§ 11.6 p.m.
§ The Minister of Posts and Telecommunications (Mr. Christopher Chataway)
I beg to move,That the Civil Defence (Posts and Telecommunications) Regulations, 1970, a draft of which was laid before this House on 10th December, be approved.The purpose of the Regulations is simple, and I hope that, at this late hour, I shall not need to detain the House for more than a few minutes. The Regulations continue the policy of successive Governments and they are, I hope, entirely uncontroversial.
The Post Office, when it was a Government Department, undertook at its own expense, that is, at the expense of the Post Office Fund which then existed, various measures to secure the maintenance of essential public services in the event of hostile attack. The Post Office Act, 1969, changed the status of the Post Office to that of a public authority; it was put on the same footing as other nationalised industries. It was then recognised by the Government of the day that it was essential in the public interest that a Minister should be in a position to oblige the Post Office to undertake necessary work of this sort and to reimburse it—an arrangement which prevails in respect of other nationalised industries.
These Regulations achieve those ends by giving the Minister of Posts and Telecommunications of the day power to obtain from the Post Office reports about work which is being done, and power to require the Post Office to take such measures as he may specify and to pay grants in respect of that work. The present level of reimbursement which is fixed by the Treasury for other nationalised industries for work of this sort is just over 50 per cent., and these Regulations apply the same rate to the Post Office.
I hope that this brief explanation will suffice to enable the House to approve the Regulations.
§ 11.8 p.m.
§ Mr. Ivor Richard (Barons Court)
As the right hon. Gentleman said, the purpose of the Regulations is uncontroversial, and they are accepted by this side of the House, but I have one or two 219 questions to put. One of them is faintly legal, but I am sure that the Minister will have the answer.
I have looked at the Act under which the Regulations are made. As with various other pieces of delegated legislation coming before the House from time to time, it is necessary to look at about three Acts of Parliament at one and the same moment in order to ascertain what the Regulations are designed to do. I am sure that there is an answer to the conundrum which my researches have raised—perhaps it is just that I have not been able to find it—and I have no doubt that the right hon. Gentleman, or those advising him, will be able to produce it straight away.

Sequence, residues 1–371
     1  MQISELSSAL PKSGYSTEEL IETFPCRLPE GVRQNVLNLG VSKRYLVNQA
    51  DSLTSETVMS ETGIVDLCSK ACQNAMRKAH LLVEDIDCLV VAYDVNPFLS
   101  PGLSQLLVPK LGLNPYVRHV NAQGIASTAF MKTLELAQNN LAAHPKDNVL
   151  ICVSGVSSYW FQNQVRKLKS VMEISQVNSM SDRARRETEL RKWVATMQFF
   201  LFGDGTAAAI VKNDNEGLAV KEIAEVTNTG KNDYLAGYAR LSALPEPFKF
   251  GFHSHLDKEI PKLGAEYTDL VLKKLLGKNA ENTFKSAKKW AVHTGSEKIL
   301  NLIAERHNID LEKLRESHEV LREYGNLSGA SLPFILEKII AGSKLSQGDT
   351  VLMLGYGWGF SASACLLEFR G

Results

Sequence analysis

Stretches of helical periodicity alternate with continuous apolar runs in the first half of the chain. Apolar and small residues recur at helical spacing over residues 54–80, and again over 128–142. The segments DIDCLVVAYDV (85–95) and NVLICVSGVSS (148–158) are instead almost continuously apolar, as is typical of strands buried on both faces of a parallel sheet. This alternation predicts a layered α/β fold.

The Regulations are made under Section 6 of the 1948 Act. That gives the Minister a discretion to bring again into force by Regulation the provisions of the Civil Defence Acts of 1939. We are then thrown back to the 1939 Act, which clearly applies to what is referred to as "public utility undertakers". "Public utility undertakers" are defined in the Act asany persons authorised by any enactment or order to construct, work or carry on any railway, canal, inland navigation, dock, harbour, gas, electricity or water undertaking …The one thing not contained in that definition is the magic words "Post Office" I am sure that somewhere the Post Office has been made a public utility undertaking for the purpose of the Civil Defence Act, 1939. I notice that the hon. Member for Peterborough (Sir Harmar Nicholls) is in the course of trying to discover which enactment made it so. I should be obliged if the right hon. Gentleman could answer this point.
The second point which arises from the Act and which I hope is of perhaps greater substance and weight than the purely legal point is this. The Civil Defence Acts of 1939 and 1948 specifically do not apply to Northern Ireland. What is the position concerning Northern Ireland under these Regulations? If there was one part of the United Kingdom in which this power of the Minister would be important and thoroughly desirable for the Post Office Corporation to tell the right hon. Gentleman what it would do in the event of civil conflict to 220 try to maintain its existing powers and services, I should have thought it would be Northern Ireland.